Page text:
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Title: Comparison of Wireless-AC and Wireless-N technologies

Article ID: 26471


What is 802.11ac?

The IEEE 802.11ac (draft 3.0) is a wireless networking standard that is designed to support bandwidth-intensive activities better, such as multiple high-definition video streaming.  At Very High Throughput (VHT), the new 802.11ac standard can achieve a speed of up to 1.3 Gigabit per second as it takes advantage of advanced modulation techniques that allow the technology to cram more bits of data into every transmission.

Although the 802.11ac standard is backwards compatible with all 802.11a/n clients, 802.11ac devices will operate exclusively on the 5 GHz frequency

NOTE:  The 2.4 GHz band can support 802.11b/g/n devices.  For a video overview of the Wireless-AC and the Linksys EA6500 Router, click here.

This article lists the differences between the Wireless-AC and Wireless-N technologies.  Check the table below to learn more:

      •    Throughput – Average rate of successful data transfer over a network Channel.
      •    Channel Width – This is where data travels.  The wider the Channel, the faster data can be transferred.
      •    Modulation – Process of transmitting an information signal (e.g. digital bit stream) by using another type of signal capable of being transmitted over a Channel.
      •    Number of Spatial Stream – Number of streams of data being transmitted.  The higher the number of spatial streams, the higher the throughput.
      •    Beamforming Mechanism – Provides directional signal transmission and reception.  The relative direction of the wireless device is known and the signal is correspondingly strengthened in that direction.
      •    Radio Frequency (RF) Band – Frequency of the wireless signal that it operates on.

 

802.11ac 

802.11n

Throughput

 Up to 1.3 Gbps

Up to 450 Mbps

Channel Width

 80,160, 80+80 MHz Channels

20 MHz and 40 MHz Channels

Modulation

 256 QAM

64 QAM

Number of Spatial Stream

 1-8**

1-4*

Beamforming Mechanism

 Yes

No

RF Band

 5 GHz only

2.4 GHz and 5 GHz

**Multi-user MIMO uses spatial multiplexing to direct spatial streams in the same Channel to different receivers, allowing for more efficient use of the Channel.  Two (2) 1x1 802.11ac device will each have its own 433 Mbps data rate spatial stream, bringing the total network data rate to 866 Mbps.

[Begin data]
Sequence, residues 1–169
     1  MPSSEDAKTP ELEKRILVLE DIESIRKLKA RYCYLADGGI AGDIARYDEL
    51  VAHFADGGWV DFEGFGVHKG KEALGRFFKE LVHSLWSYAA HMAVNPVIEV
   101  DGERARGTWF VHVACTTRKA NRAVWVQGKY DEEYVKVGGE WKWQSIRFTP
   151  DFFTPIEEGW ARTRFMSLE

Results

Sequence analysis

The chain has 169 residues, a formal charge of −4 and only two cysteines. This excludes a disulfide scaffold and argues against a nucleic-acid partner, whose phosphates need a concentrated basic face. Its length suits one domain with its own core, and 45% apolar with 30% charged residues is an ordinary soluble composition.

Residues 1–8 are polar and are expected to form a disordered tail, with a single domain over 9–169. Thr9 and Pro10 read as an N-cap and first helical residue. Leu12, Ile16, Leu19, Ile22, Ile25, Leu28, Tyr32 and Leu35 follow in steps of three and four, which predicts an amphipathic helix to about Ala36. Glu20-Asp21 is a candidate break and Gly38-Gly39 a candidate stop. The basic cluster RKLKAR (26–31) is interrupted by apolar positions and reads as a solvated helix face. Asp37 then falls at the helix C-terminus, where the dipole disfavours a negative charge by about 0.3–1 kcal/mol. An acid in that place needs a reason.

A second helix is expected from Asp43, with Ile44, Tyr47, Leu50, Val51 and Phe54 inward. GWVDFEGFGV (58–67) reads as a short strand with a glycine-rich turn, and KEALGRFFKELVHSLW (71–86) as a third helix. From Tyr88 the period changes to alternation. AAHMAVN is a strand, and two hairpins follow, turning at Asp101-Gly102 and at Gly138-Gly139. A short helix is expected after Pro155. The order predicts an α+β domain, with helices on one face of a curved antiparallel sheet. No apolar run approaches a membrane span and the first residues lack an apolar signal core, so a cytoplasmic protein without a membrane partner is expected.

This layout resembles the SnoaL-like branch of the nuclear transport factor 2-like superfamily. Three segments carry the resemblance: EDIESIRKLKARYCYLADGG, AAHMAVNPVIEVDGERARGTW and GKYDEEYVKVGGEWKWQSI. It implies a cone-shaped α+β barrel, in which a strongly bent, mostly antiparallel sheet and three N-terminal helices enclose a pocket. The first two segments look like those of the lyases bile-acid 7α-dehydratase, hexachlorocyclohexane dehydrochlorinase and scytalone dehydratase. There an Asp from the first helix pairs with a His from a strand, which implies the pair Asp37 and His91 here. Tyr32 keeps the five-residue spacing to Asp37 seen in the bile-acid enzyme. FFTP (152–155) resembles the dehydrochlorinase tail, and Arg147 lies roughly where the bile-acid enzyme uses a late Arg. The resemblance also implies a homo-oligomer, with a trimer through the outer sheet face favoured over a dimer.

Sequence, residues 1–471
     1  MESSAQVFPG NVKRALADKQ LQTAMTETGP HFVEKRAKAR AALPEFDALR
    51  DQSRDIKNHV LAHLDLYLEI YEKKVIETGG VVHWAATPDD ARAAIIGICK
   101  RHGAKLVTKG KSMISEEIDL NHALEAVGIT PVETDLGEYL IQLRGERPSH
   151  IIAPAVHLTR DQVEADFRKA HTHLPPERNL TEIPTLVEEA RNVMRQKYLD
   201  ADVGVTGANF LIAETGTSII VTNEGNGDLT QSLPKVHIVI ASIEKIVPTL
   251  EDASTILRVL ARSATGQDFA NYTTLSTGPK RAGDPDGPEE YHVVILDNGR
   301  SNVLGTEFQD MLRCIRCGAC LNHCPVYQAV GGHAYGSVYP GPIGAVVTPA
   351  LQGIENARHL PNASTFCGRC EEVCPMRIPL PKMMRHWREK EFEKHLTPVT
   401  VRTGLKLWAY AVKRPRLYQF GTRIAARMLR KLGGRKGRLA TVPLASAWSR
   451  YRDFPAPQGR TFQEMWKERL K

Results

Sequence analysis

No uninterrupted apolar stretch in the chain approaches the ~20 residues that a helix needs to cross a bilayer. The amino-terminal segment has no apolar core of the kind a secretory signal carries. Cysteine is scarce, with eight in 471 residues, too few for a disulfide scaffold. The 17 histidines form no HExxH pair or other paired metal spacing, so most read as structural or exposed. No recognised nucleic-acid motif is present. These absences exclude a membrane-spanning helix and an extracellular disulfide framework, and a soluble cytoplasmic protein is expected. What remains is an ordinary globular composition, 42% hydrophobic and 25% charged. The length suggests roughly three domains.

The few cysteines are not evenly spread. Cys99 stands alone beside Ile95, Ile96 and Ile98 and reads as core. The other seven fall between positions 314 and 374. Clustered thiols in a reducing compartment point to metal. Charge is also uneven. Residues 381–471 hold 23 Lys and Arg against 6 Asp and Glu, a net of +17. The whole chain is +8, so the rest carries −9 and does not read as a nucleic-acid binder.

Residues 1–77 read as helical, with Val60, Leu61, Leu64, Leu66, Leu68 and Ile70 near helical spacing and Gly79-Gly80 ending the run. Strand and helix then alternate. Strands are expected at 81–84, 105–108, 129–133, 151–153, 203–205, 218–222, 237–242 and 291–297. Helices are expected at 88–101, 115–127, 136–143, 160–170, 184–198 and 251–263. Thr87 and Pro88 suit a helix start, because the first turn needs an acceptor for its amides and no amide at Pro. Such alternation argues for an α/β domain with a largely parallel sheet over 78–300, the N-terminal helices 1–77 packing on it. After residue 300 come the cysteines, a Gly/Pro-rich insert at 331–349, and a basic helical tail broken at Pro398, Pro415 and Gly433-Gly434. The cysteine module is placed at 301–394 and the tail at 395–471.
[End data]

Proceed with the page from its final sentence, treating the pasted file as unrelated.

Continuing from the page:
*In a single-user MIMO environment, devices compete for Channel use in a non-cooperative manner.  The clients will have 1x1 802.11ac radios, limiting them to 433 Mbps.  In single-user MIMO, the total data rate of the network will be 433 Mbps.

Improving wireless connection speed

There are many factors that affect the wireless network connection between your router and wireless device.  An example would be the wireless adapter and router’s compatibility.

Wireless standards such as 802.11ac and 802.11n are created to specify wireless connection information like throughput and the achieved range if you connect devices compatible with these standards.  For example, if you connect a smartphone that is compatible with 802.11n to a Linksys Smart Wi-Fi Router, EA6500, you will achieve a network connection up to 450 Mbps within the optimal range.

For more details on verifying the maximum wireless connection speed of your wireless device to the router, click here.

Improving wireless network range

To improve the range of your wireless network, first you need to ensure that you place your wireless router on a spot where obstructions (such as furniture, fixtures, and tall appliances) are least.  These will block the signal which will shorten the range of your wireless network.

If you have placed the router in the best spot possible yet you are still having problems with getting a good signal, you might want to add a Linksys RE2000 Range Extender to your network.  Below are some links to articles which provide information about the product and how to use it:

Getting to know the Linksys RE2000
Extending the range of your wireless network using the Linksys range extender

 

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